June 9 is International Archives Day, and I would like to mark this day by reflecting on the contribution of the World Bank Group Archives to the “memory” of the development community. As such, I am talking with Giovanni Zanalda, director of the Duke University Center for International Studies/Global Areas. Giovanni is a faculty member in the Departments of Economics and History at Duke and specializes in financial history, history of development, and emerging markets. He has been a user of the WBG Archives in different phases of his career and with different focuses, and we have asked him to share his user perspective.
How do you think the challenges faced by the World Bank’s urban transport teams have changed since the sector emerged in the 1970s? Did they become more or less complex? And what factors influenced the sector’s evolution? Recent research by Slobodan Mitric on the early years of the Bank’s urban transport sector gave Bank staff a unique opportunity to glimpse into the past, find some answers to these questions, and uncover the knowledge hidden in the historical records of the World Bank Group Archives.
Mitric, who has spent his entire professional life working on the subject of transport in cities and retired from the Bank in 2003 as a lead urban transport specialist, presented the findings of his research in the Archives at a panel discussion on the “World Bank’s Engagement with Transport in Cities: The Early Years 1972-1982” last month. The panel was organized by the World Bank Group Archives jointly with the History, Urban & Water, and Transportation Thematic Groups of the 1818 Society.
In my last post on the Bank’s Open Archives program , I wrote about how the Archives of the World Bank Group (WBG) is striving to make information easily accessible to the public, and maximizing the impact of the WBG’s open initiatives. By enabling access to the oldest and only multiregional development archives, we reveal the experience of generations of development practitioners and their counterparts to help inform the decisions of today's development community.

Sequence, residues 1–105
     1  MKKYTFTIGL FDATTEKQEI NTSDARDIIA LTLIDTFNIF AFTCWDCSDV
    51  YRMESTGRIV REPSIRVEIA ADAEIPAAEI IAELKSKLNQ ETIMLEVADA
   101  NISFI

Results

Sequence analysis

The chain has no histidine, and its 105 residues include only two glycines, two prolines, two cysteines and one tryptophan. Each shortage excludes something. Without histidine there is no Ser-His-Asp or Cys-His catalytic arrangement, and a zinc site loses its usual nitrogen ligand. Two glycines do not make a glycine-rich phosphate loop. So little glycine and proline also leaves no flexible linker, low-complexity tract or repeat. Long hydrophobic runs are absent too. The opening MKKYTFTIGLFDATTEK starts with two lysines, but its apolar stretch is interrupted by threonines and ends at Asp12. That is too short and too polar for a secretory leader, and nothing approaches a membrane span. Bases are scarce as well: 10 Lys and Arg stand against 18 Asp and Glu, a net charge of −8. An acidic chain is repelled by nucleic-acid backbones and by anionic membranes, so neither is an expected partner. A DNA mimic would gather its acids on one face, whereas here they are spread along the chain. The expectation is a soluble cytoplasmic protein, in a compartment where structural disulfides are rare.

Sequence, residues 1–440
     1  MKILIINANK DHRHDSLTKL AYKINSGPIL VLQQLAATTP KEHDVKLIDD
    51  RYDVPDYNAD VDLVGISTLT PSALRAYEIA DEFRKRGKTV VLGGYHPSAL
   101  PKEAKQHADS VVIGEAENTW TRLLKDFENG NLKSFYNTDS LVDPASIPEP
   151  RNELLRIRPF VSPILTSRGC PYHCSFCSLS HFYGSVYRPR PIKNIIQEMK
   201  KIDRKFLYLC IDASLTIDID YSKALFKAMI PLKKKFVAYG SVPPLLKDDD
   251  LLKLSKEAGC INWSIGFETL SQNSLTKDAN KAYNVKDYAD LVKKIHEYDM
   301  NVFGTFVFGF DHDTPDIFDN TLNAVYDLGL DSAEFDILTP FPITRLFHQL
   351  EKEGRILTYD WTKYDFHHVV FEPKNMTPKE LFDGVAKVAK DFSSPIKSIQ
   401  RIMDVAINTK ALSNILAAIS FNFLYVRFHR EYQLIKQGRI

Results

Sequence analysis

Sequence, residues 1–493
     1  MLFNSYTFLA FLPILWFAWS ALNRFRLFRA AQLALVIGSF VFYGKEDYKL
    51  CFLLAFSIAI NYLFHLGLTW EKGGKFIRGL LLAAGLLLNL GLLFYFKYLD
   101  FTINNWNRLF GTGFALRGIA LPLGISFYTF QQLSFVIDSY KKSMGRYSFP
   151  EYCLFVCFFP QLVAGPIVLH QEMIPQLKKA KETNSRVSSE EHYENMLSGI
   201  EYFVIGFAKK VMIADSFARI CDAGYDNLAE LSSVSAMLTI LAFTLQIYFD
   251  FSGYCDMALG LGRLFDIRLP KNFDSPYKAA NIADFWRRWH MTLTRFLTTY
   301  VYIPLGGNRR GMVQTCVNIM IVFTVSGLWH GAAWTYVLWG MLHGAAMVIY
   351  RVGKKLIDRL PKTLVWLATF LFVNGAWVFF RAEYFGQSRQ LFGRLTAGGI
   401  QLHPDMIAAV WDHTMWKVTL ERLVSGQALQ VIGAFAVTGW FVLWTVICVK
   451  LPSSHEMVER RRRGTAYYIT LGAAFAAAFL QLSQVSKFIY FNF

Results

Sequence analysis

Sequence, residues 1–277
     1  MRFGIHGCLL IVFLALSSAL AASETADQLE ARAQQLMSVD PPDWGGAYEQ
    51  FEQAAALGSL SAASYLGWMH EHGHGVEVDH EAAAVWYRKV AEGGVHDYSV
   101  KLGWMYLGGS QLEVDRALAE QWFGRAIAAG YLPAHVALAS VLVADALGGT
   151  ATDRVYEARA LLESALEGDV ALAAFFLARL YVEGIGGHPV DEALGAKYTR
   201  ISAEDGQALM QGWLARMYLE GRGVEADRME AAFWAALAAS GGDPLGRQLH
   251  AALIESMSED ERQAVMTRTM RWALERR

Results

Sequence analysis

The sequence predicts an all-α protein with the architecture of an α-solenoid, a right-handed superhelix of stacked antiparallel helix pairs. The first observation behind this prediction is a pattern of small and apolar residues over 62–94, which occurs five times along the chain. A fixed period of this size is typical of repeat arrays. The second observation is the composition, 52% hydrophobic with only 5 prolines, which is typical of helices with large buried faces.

Until recently, archives users — including academics, development partners, and other researchers — had to travel miles, sometimes even across continents, to be able to access records kept in the World Bank Group Archives. But now, users will no longer have to be in Washington, D.C. to look at declassified materials.
In April 2015, as part of its commitment to transparency and openness, the World Bank Group launched its Archives Holdings website. This is a state-of-the-art platform, which maximizes the public’s online access to a vast amount of original primary source material in the custody of the Archives.
Created using the Access to Memory open source software, the website facilitates a faster, more efficient, and personalized online service delivery model. The software serves as a catalog that provides basic information about the resources of the Archives, and it is equipped with user-friendly finding aids compliant with the International Standard for Archival Description. The website delivers an increasing quantity of digitized records from the early 1940s onward, making them available for the first time to public users who cannot come to the Archives reading room in Washington, D.C.
A new phase of openness began five years ago on July 1, 2010, when the World Bank launched its Policy on Access to Information, which provides access to any information in the Bank’s possession that is not on a list of exceptions. The policy has served as a catalyst and has created an ecosystem of transparency initiatives to make World Bank information and data available to the public. In the years since 2010, the Bank has applied the principles underpinning Access to Information to accompanying initiatives such as Open Data, the Open Knowledge Repository, Open Finances, and Open Contracting, among others. The spectrum of transparency and innovation even extends beyond these initiatives to include the World Bank’s vision on Open Government.
Open approaches are paramount to development. But while access to information and technology are important to the development process, they are only part of the equation in finding solutions. A crucial part of the process lies with global citizens who can – and do – utilize the information and data to engage with and better their communities.